Where to find a top advisor?!

Top advisor - magnifying glassSo…if you’re looking for the best financial advisor there is do you simply run a quick search on Google? Would it look something like ” best financial advisor in Denver” or “best financial advisor in Orange County”?  Would you rely on a list that ranks the best financial advisors?

In nearly every aspect of our lives we rank products or services and take pride if we are associated with or use that brand.  How often have you heard that a product has a “Gold Star Rating” or is recommended by ‘Consumer Reports’?  It should be no surprise that the same applies when it comes to the Financial Services industry.  Investors want to work with the best and often rely on rankings issued by various publications and websites for this information.

The key difference is that there are many more variables that need to be taken into consideration when looking at the financial industry and ranking firms or individuals.  In this article we will take a look at a list that is published annually and is highly respected – ‘Barron’s Top 1,000 Advisors List’.  Through our discussion it will become clear why ranking financial professionals is not as easy as ranking cars or laundry detergent and the results need to be looked at closely.

Barron’s is a weekly publication, owned by Dow Jones, its primary focus is reporting on the financial markets and global economies.  For decades it has been viewed as a leader in financial journalism and respected throughout the industry.  Professionals consider it an honor to be included in the list as it claims to highlight the best in the industry.

The list itself is very broad and includes financial professionals with many different titles and business models such as: Registered Reps, Stockbrokers, Registered Investment Advisors and Financial Planners to name just a few.  If an investor is considering hiring a financial professional it is vital that they understand these different titles and what makes each one unique.  One of the most popular articles ever written on this topic was published last year.  It is a must read for anyone that wants to understand how financial professionals are incentivized and compensated (What costume is Your Financial Advisor Wearing?).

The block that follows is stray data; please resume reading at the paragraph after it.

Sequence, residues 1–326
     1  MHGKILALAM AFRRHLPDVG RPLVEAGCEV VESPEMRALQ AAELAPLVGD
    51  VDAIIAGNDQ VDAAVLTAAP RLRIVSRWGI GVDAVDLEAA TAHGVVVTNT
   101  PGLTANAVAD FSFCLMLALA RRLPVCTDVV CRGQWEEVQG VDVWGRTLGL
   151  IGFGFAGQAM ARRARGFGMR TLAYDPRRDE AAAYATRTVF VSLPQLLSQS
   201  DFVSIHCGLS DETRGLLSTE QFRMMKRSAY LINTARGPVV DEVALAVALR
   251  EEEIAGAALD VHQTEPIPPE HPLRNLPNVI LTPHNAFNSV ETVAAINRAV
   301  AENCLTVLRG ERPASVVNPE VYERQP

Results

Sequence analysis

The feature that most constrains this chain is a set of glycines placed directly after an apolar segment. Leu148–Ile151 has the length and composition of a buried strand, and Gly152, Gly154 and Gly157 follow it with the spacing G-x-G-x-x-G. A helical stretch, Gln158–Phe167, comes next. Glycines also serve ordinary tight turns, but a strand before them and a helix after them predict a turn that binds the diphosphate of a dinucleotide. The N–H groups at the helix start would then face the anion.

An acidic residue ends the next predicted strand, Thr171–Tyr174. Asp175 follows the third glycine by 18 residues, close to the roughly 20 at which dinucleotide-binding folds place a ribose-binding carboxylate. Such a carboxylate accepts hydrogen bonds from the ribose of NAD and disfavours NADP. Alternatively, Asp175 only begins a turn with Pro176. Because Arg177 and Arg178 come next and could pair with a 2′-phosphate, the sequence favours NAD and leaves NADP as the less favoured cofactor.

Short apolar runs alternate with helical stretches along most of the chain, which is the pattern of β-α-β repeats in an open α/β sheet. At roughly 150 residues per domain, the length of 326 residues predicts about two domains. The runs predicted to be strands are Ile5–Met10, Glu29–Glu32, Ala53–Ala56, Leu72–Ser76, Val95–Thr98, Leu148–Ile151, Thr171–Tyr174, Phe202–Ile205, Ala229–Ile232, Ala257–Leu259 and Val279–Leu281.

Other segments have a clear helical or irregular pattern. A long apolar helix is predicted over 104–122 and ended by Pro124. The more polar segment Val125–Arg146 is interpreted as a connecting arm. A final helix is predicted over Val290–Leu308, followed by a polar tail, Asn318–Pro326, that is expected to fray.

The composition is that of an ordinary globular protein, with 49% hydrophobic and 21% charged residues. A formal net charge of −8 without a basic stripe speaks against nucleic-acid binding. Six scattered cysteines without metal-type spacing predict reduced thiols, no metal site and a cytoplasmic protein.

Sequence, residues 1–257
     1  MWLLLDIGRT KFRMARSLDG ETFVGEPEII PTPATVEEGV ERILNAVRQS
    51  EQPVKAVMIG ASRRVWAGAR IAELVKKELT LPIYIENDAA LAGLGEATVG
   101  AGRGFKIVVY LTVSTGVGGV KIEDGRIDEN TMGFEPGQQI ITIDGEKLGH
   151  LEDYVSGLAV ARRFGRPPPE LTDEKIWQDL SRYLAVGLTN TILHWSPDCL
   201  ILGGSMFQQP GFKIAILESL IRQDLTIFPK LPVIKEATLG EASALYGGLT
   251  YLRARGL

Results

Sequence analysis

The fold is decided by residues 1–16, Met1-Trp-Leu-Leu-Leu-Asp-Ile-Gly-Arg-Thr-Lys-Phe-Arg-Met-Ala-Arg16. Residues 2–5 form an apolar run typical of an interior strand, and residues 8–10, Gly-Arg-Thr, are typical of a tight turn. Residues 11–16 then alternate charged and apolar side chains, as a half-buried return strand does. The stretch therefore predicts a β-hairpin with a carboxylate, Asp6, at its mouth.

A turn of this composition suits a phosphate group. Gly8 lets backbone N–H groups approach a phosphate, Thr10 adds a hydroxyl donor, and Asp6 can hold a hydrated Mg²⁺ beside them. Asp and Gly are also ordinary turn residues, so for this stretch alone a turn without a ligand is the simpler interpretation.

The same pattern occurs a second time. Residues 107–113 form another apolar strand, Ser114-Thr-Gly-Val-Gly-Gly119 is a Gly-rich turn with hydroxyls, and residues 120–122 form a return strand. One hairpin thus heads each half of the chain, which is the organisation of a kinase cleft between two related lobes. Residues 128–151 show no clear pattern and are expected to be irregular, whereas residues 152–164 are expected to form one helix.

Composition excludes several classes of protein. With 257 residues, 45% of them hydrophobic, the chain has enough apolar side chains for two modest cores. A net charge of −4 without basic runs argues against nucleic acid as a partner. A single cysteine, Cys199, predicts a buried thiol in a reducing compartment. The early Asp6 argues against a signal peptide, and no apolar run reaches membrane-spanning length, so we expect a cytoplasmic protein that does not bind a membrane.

As with any research the final results are only as accurate as the data that is collected.  Barron’s states that the information they use to create the list comes directly from the advisors that are featured in the list itself.  The advisors are provided with a questionnaire from Barron’s that has over 100 questions regarding their business.  The majority of the questions cover the number of clients the professional is working with, assets under management and the revenue that is generated.  There are very few questions covering key areas such as compliance, certifications, violations, ethics, client retention, client service and performance.  It is also not shared with how they find the advisors that this questionnaire is mailed to.

Let’s dig a little deeper and look at some key areas that this list and the financial services industry don’t typically want to discuss…

More Revenue = Higher Ranking?  Really?

One of the most glaring flaws we see with this list is that it assumes that advisors that are managing the largest amount of assets and producing a high level of revenue are among the ‘Best Advisors in America’.  This is like saying that if you have two similar products the highest priced one will always be the superior product.  This is flat out ludicrous…. wouldn’t it make more sense to look at what the advisor makes for the client rather than off the client?  Fees and expenses have a profound impact on a portfolio and can add years to any individual meeting their financial goals.